Emerson is committed to helping food retailers and technicians to simplify the retrofit process in HVACR applications and improve equipment reliability, performance and efficiency. Copeland VFDs, EVM/EVH Series are designed to reduce the costs and complexities of VFD implementation:

  • The Copeland EVM Series is ideal for chillers, medical refrigeration, display cases, walk-ins and reach-ins.
  • The Copeland EVH Series is designed for large, centralized racks (including CO2), HVAC applications, advanced chillers and industrial refrigeration applications.

Learn more about applying our VFD solutions to your HVACR operations by visiting our webpage.

Retrofit and Remodel Strategies to Achieve Lower-GWP Refrigeration

Andre Patenaude | Director – Solutions Integration,

Emerson’s Commercial and Residential Solution’s Business

Three decades ago, supermarket operators had few options for selecting environmentally friendly refrigeration strategies. Now, as they look to retrofit or remodel older systems to comply with environmental regulations or achieve corporate sustainability goals, operators face an expanding selection of refrigeration architectures driven by the transition to lower-global warming potential (GWP) refrigerants. In a recent article that was published in Contracting Business, I explored several options that are available to supermarkets seeking a path to low-GWP refrigeration.

Lower-GWP refrigerant options continue to proliferate

Refrigerant selection is one of the most influential factors in a retrofit or remodel strategy, often serving as an underlying process to help operators achieve corporate sustainability goals. But refrigerant selection also dictates everything from refrigeration architecture to servicing requirements to the total cost of ownership (TCO).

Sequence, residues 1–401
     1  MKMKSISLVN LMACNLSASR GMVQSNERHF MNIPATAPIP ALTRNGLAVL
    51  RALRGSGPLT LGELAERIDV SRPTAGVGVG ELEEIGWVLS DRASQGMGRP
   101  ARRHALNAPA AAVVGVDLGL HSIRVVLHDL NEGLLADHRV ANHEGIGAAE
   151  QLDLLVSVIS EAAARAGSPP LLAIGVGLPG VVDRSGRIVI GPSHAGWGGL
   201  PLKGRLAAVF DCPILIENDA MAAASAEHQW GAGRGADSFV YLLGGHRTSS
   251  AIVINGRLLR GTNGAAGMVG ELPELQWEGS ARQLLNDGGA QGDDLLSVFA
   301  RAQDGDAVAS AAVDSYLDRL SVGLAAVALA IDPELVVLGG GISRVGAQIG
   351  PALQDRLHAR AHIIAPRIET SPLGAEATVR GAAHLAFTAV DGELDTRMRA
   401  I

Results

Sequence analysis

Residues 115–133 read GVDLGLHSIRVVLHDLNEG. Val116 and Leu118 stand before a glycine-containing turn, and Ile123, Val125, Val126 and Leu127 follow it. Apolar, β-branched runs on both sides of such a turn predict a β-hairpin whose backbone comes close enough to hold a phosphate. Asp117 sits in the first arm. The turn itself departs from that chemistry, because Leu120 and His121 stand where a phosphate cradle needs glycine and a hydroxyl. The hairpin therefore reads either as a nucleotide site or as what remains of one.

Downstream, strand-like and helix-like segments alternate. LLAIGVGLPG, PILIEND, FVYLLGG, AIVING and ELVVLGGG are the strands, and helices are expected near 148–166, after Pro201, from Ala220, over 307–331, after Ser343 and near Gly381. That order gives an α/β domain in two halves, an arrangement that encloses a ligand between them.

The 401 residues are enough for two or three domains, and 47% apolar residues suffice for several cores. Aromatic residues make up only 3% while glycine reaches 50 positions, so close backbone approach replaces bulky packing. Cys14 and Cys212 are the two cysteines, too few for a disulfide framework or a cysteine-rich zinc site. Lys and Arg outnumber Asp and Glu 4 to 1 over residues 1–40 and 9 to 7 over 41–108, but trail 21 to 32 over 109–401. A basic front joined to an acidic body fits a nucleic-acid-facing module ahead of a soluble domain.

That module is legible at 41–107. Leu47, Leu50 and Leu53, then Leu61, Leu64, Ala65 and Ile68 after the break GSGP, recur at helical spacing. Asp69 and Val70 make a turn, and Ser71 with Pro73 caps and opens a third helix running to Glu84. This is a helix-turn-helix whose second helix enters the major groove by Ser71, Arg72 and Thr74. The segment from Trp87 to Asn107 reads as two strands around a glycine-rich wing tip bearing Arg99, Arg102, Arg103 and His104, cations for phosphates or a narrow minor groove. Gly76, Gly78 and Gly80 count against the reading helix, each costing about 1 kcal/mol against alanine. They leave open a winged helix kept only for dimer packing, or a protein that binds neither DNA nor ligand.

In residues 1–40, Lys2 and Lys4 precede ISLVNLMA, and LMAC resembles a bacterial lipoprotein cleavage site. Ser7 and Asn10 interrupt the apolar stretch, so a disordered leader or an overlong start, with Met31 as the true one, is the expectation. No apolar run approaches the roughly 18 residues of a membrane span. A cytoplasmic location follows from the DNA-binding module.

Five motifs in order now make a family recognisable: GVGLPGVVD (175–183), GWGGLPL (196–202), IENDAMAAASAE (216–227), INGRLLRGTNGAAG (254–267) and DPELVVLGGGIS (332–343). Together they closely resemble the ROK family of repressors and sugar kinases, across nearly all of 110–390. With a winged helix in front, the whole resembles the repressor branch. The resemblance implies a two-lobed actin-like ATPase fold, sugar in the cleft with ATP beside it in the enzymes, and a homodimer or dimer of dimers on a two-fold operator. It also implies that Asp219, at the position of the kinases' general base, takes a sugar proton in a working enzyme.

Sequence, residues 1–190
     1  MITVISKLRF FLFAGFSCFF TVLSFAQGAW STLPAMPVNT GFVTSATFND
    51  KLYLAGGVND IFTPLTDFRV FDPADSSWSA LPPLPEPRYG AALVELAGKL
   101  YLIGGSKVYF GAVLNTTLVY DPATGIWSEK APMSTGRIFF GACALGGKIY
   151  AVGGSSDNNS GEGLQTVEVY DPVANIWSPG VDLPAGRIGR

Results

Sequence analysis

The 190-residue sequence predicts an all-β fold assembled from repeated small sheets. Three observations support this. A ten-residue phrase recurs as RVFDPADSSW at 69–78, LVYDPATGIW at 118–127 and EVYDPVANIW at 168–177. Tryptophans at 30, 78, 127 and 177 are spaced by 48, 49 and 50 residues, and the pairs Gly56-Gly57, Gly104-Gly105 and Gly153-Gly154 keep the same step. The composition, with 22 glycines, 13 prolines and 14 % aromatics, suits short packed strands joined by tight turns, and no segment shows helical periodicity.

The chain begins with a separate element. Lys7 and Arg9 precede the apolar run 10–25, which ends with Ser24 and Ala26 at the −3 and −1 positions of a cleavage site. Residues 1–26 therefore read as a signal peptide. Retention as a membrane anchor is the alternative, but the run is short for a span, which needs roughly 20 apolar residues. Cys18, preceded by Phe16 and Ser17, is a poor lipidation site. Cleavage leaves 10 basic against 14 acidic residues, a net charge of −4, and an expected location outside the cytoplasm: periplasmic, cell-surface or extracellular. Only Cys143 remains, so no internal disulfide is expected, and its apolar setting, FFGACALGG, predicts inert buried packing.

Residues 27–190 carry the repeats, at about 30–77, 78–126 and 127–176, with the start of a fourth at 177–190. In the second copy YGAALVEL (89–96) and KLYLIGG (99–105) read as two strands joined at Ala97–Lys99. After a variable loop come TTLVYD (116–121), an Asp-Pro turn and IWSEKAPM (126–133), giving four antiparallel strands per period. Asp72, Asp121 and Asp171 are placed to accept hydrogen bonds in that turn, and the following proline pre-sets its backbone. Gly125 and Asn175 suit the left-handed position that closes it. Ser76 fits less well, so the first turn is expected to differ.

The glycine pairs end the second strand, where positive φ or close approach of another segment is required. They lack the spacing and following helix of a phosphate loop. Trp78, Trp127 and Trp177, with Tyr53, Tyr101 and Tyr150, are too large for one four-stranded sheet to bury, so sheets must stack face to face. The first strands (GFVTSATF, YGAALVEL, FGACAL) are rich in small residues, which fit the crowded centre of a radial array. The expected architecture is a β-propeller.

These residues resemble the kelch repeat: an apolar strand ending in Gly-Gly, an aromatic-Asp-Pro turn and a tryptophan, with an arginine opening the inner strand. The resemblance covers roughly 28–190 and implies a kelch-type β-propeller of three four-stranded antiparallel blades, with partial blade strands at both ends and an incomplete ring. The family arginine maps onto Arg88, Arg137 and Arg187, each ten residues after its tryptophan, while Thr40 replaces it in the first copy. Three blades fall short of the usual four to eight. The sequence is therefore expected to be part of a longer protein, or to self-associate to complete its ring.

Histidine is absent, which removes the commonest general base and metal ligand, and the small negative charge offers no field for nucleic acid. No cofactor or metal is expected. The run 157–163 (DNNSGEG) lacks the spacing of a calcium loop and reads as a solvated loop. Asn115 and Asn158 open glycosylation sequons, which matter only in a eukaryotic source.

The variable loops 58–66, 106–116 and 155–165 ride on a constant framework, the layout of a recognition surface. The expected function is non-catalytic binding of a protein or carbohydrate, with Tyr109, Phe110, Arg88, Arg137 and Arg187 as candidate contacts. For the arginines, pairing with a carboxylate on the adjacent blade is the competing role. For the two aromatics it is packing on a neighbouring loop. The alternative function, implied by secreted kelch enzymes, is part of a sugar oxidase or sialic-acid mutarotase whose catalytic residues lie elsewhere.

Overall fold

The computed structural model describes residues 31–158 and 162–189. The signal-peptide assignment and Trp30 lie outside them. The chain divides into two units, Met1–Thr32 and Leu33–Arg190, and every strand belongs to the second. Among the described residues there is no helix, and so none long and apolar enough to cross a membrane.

As the U.S. continues to phase down the use of high-GWP refrigerants and phase out those with ozone depletion potential (ODP), manufacturers are beginning to utilize a variety of alternative refrigerants that offer varying degrees of GWP reduction. Of those that are considered both safe and approved for use, the following offer distinct advantages in support of sustainability:

  • R-448/449A (low-GWP option) — Designed as a substitute for R-404A, R-448A offers a 65% reduction in GWP.
  • R-513A (lower-GWP option) — R-513A, a substitute for R-134a, delivers a 56% reduction in GWP.
  • A2L and A3 (lower- to lowest-GWP) — Mildly flammable A2L and flammable A3 (aka R-290 or propane) refrigerants are primarily used in self-contained systems and offer some of the most significant GWP reductions, and are some of the lower and lowest GWP options currently available,
  • CO2 aka R-744 (lowest-GWP option) — Used only in systems designed to handle its unique properties, R-744 is a natural refrigerant with a GWP of 1.

Upgrading for a more sustainable future

Retrofitting or remodeling a refrigeration system to improve sustainability or comply with regulations is not simply a matter of selecting a lower-GWP refrigerant. Operators must also evaluate different refrigeration systems to determine how to meet their sustainability objectives and select a system that aligns with their operational priorities. At Emerson, we refer to this process as the Six S’s of evaluation criteria:

  • Simple — to own and operate
  • Serviceable — aligns with maintenance and operations capabilities
  • Secure — provides safe operation and data security
  • Stable — delivers reliable, dependable performance
  • Smart — is equipped with electronic controls and connectivity to provide operational data and insights
  • Sustainable — from financial, technical and environmental perspectives

In terms of retrofits and remodels, the following architectures are emerging as the leading options for meeting the wide range of operator preferences:

  • Retrofit to R-448A/R-449A in existing centralized direct expansion (DX) systems — Replacing R-404A with R-448A allows operators to achieve significant sustainability improvements while preserving their existing system investments.
  • Remote/outdoor condensing units (distributed) — Remote condensing units offer installation flexibility and reliability while using low-GWP R-448A. They are ideal for small, urban store formats or for large supermarkets deploying new refrigeration capabilities outside of their existing DX systems.
  • Distributed systems — Operators can install multiple mini-racks or scroll packs in proximity to different refrigerated sections of a store. Using R-448A in this architecture can significantly reduce overall refrigerant charge while providing increased system reliability and energy efficiency.